then comes the second, a familiarity brought to it by the necessity for daily life.  the schools seek for us to sound our voices in foreign accents, allow ourselves to be influenced that we may influence.  and though it was not home at first, years pass and we find ourselves using the same foreign words in our greetings, our casual talks, in the close-knit wonder of friends and family…

we realize this language has become home.

we discover that home – home is not determined by whether so and so came first in our world.  home is determined by how these then foreign wonders have molded themselves in our worlds; like species of green that have been shared with our nation (for they were not ours, never our country’s before, but now they are part of our forests; they are partakers of our nation’s very shield) that society has ingrained in us to protect and care for in return.

we are to be a shield for our homes – as much as it is to us an armour.

it is an armour against the world’s estrange ways, against the raging rivers of life.  they are the still waters, the constant current amidst the chaos of life’s reality.  our protects the heart of our hearts; it gives this beating flesh shelter, gives this little gymnast of an organ the strength to keep forward, gives us love.

so we protect our homes.

whether they be the family we were born to, the family we grew up with, the friends we have met on this rocky path, the language we have molded in the very way we breathe, music we have come to mimic, art we have aimed to paint in our minds, hobbies that made themselves habitual acts of life – they are home.

they shield our hearts; let us fight for them against the estranged heart of the rest of the world’s people.  (because it will take time for us to plant our tree in their hearts, and what is home to us may be foreign lands to them.)

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3-5/108 ish Days of Language Productivity

Okay school caught up with me so I wasn’t able to post, but I still did some things !

Day 3: watched some Easy German videos about present tense verbs and the weather
Day 4: took my spanish test (made a 110 btw 😎), and mastered my German Weather phrases !!

Today: took some notes on people in German since I aced my test on people in Spanish. I’m now retooling my German plans a little so it emphasizes vocab instead of grammar. Speaking of which, I’m doing pretty good at learning vocabulary now! I really think the words are going into my long term memory so yayy

september 19th 2020

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The public radio station France Bleu Occitanie has decided to stop airing any song in Occitan in its musical hours. Only songs in French and English will be allowed now, and not in the language of the country where it’s emitted.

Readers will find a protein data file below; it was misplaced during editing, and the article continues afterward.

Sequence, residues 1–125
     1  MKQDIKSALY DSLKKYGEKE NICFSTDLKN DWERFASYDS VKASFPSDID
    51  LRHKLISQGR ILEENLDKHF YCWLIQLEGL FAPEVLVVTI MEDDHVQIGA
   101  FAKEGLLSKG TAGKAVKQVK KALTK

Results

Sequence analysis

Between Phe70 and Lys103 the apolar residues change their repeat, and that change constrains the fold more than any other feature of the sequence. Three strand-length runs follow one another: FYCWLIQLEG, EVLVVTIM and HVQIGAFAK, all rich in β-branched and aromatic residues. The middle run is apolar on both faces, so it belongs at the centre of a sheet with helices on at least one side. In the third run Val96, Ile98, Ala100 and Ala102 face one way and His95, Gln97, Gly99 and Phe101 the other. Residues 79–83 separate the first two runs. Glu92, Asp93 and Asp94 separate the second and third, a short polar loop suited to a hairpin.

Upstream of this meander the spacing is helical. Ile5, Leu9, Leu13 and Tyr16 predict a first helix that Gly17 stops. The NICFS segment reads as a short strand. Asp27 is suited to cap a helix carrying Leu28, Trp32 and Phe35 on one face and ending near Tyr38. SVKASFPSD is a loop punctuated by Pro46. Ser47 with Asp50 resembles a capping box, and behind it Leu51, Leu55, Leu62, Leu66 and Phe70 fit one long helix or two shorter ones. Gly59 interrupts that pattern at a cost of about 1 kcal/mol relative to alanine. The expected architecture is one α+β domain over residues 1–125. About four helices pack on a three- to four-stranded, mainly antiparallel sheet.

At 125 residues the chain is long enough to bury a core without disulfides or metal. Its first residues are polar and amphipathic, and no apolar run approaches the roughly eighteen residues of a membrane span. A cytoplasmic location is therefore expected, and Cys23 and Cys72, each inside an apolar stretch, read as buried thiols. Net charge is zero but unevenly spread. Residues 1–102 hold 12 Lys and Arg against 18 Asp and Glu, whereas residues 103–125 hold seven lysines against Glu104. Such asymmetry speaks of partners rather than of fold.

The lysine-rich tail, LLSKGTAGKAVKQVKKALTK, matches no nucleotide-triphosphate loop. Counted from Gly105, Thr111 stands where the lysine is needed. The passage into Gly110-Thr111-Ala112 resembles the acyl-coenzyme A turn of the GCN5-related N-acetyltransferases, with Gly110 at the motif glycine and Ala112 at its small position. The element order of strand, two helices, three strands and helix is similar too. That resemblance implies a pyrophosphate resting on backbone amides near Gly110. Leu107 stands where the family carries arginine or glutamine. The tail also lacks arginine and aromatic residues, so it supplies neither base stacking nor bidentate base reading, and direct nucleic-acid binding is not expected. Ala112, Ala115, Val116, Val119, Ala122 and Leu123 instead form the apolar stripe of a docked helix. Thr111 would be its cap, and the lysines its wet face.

This is censorship and linguistic imperialism.

It’s already hard enough for bands and singers who sing in Occitan or the other languages of the nations under French rule, denying them an opportunity like being aired on the radio of their own country is a way of making them reach less people, and so in the end eliminate these languages completely from people’s lives.

In the post above (by the account occitania.independenta on instagram) there’s the channel’s phone number and address, if you want to contact them to protest.

(News from 19th September 2020)

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100/100 days of productivity

Today is the last day of the challenge and I finally had time to use my textbook. I wrote down some grammar points and did a few exercises. I also used Infinite Chinese and HelloChinese.

I’m glad I took part in this challenge because it was a way to hold me accountable while learning Mandarin. I can say that I’ve definitely made a lot of progress in these 100 days, even if the last few days I wasn’t able to do as much as I would have liked to.

Nevertheless, I will continue studying Mandarin even if I don’t post here about my progress.

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“jorden” in Swedish being the same word as “aarde” in Dutch….

You basically say “orden”, which is not that different from “aarde” (earth), I guess.

“slottet” being the same as “borg” (castle) is confusing.

“slot” in Dutch means “bolt” or “lock” (as in a door being locked or something coming to a close). I guess there’s a connection there, seeing as how castles are defensive and essentially “locked” to most people.

We say borg (same word that makes “burrough”) or kasteel (castle; its Latin).

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Romansh (rumantsch)

Basic facts

  • Number of native speakers: 45,000
  • Official language: Switzerland
  • Script: Latin, 23 letters
  • Grammatical cases: 0
  • Linguistic typology: fusional, SVO
  • Language family: Indo-European, Romance
  • Number of dialects: 5


  • 1552 - first appearance in print
  • 1857 - first grammar and spelling guidelines
  • 1880 - recognition of Romansh as an official language in the canton of Grisons
  • 1982 - standardized written form

Writing system and pronunciation

These are the letters that make up the alphabet: a b c d e f g h i j l m n o p q r s t u v x z.

Stress normally falls either on the last or the penultimate syllable of the word.


Nouns have two genders (masculine and feminine), two numbers (singular and plural), and no cases. Collective plural is used to refer to a mass of things as a whole.

One of the dialects uses only one reflexive pronoun to form reflexive verbs. The first and second person pronouns for a direct object have two distinct forms.

Verbs are conjugated for tense, mood (indicative, conditional, imperative, and subjunctive), person, and number.


There are five main dialects: Sursilvan, Sutsilvan, Syrmiran, Puter, and Vallader. They are not always mutually intelligible and speakers from different dialects usually prefer to speak Swiss German with each other.

The differences between them can be found in phonology, morphology, and syntax.